Thursday, January 12, 2017

Where Did Grandpa Come From?

You Need Your Ancestor's Hometown

When you’re trying to identify your ancestor on a ship manifest or in records from their homeland, it is critical to know their town of origin.

Many cultures have a tradition of naming their children after their parents, which results in lots of people with nearly the same name. That can really trip you up and ruin your family tree’s integrity.

Someone took my grandfather and placed him and his ancestors in their family tree simply because of his last name. Mind you, his last name is common throughout Italy.

If this grandpa-poacher had known the hometown of her ancestors and looked at the hometown of my grandfather, she would have known he was in no way related to her.

Depending on their year, ship manifests tend to be very precise about each passenger’s hometown. I've followed leads on many immigrants who were a good match in name and age, only to find that their hometown was in the wrong part of Italy.

The hometown let me rule them out as relatives.

How to Find the Town

If you weren’t lucky enough to have heard your grandparents mention their hometowns often, here are some ways to find out where they came from:

  • Ship manifests. I have a copy of the 1898 ship manifest that includes my great great grandparents and three of their children. That collection of names and ages is indisputable—there is no doubt they are my family. While my grandmother mentioned the town of Pastene many times, the ship manifest taught me something new. Pastene is a small section (a frazione) of a town called Sant’Angelo a Cupolo. That is the hometown on the ship manifest.
  • Naturalization papers. My cousin’s husband Enzo passed away recently, and in his obituary I found the names of his parents and brothers whom I didn't know personally. With these names I found Enzo’s father’s naturalization papers. This gave me a photograph of Enzo’s father as well as the Italian hometown of Enzo's parents.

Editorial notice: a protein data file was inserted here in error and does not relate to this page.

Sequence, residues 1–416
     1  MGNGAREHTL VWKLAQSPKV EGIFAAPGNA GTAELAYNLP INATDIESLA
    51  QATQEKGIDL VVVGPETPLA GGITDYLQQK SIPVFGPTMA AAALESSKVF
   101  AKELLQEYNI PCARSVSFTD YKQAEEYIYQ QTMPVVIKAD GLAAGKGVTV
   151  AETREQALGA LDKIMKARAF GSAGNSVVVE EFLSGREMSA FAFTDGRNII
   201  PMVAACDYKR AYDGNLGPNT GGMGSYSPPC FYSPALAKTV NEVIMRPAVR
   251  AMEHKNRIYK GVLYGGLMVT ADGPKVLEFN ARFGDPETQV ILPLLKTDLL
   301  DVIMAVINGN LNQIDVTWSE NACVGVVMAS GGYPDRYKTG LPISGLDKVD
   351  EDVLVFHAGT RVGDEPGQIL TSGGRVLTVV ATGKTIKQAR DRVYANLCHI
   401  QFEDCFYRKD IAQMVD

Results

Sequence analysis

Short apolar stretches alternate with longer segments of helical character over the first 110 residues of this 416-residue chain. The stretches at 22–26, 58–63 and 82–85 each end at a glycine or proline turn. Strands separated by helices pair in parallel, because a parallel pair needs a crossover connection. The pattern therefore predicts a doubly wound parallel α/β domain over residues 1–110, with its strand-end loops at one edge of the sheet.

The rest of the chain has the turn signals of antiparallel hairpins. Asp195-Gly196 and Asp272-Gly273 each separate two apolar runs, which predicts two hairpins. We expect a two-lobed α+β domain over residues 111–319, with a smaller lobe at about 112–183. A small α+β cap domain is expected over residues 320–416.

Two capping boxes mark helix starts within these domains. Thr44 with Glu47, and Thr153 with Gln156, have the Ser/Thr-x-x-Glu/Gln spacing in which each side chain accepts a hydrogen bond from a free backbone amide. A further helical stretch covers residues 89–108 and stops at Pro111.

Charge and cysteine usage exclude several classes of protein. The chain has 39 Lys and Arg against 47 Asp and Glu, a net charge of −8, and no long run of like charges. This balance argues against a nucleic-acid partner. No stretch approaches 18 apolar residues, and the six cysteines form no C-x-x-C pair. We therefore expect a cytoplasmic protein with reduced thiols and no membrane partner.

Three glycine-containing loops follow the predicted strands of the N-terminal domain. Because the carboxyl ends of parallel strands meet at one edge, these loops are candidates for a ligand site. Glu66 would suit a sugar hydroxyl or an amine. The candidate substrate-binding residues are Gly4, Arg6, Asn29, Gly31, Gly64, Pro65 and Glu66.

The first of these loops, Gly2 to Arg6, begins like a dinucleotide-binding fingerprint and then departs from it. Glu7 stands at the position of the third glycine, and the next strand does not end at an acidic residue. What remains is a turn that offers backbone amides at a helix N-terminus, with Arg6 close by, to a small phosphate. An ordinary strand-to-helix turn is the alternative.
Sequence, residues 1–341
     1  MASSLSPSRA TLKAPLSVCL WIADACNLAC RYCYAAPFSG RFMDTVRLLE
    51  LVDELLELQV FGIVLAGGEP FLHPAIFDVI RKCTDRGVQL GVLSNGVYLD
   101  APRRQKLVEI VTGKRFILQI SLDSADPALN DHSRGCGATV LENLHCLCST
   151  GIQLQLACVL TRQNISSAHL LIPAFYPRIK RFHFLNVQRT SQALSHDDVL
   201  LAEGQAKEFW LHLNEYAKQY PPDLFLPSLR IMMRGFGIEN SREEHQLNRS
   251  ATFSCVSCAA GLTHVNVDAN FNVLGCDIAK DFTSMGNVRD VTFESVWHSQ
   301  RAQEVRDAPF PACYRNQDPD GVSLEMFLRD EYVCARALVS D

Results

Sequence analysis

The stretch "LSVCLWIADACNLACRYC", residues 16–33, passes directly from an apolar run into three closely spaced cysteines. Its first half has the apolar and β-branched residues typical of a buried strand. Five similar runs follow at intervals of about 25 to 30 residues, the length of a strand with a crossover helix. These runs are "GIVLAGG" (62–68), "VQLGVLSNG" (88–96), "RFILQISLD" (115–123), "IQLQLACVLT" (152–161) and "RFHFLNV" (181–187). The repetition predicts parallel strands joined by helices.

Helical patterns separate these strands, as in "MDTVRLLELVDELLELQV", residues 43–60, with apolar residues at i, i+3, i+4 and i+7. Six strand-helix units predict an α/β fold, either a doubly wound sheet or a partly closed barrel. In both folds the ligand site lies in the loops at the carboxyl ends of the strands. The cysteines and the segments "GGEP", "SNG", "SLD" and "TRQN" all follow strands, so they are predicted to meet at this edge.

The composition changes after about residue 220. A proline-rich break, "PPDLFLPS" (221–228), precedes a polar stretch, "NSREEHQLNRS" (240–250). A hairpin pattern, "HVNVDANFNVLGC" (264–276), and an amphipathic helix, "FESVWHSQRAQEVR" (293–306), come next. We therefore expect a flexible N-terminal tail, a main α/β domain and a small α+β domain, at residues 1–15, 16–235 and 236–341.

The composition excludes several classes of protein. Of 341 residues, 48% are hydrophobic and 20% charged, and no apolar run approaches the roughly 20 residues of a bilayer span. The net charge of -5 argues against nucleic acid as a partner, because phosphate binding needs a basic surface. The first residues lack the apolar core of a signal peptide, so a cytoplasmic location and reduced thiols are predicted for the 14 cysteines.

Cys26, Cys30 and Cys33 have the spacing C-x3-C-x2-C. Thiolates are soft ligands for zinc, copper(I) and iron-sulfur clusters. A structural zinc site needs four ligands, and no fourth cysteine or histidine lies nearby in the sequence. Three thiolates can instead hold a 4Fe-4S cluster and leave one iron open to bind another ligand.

That town name is the key to verifying any other documentation I may find for him.
  • Passport applications. At certain times in U.S. history, your ancestor needed a passport to make sure he'd be allowed back in after visiting family in his homeland. A passport application can provide great information, including the name of your ancestor's father, his original hometown, and the names and birth dates of family members making the trip with him.

    You may even score a photo of the whole family.
  • World War II draft registration cards. The same family that told me they came from Pastene would also say they came from Avellino. When I realized that Pastene is in Benevento, the province neighboring Avellino, I didn’t know what to make of this oral history fact.

    It was the World War II draft registration card for one of the sons from this family that gave me the answer. The card said he was born in the town of Tufo in the province of Avellino. When I viewed Tufo vital records at a Family History Center, I found that my great great grandparents’ first two children (including one who died as a child) were born in Tufo. Then, for reasons unknown, they moved to Pastene where their next four children were born.
  • Last name prevalence. You can use various websites to see if the last name of your ancestor is or was ever prevalent in what you think is their hometown. If your ancestor was Italian, you can visit to see where their last name is found.

    I’m lucky to have a maiden name that is found in very, very few places in Italy, so there is a high likelihood that someone with my maiden name is related to me.
Use every means at your disposal to discover that hometown. Then use it to verify a potential relative's documents before adding them to your family tree.

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